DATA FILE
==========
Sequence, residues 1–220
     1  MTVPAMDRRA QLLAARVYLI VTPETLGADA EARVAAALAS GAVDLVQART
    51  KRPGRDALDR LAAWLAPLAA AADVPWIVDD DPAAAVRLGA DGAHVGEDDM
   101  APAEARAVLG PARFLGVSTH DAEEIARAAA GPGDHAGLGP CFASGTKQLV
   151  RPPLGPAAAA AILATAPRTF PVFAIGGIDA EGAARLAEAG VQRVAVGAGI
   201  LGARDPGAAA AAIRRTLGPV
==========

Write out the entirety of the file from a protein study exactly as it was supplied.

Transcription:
Sequence, residues 1–220
     1  MTVPAMDRRA QLLAARVYLI VTPETLGADA EARVAAALAS GAVDLVQART
    51  KRPGRDALDR LAAWLAPLAA AADVPWIVDD DPAAAVRLGA DGAHVGEDDM
   101  APAEARAVLG PARFLGVSTH DAEEIARAAA GPGDHAGLGP CFASGTKQLV
   151  RPPLGPAAAA AILATAPRTF PVFAIGGIDA EGAARLAEAG VQRVAVGAGI
   201  LGARDPGAAA AAIRRTLGPV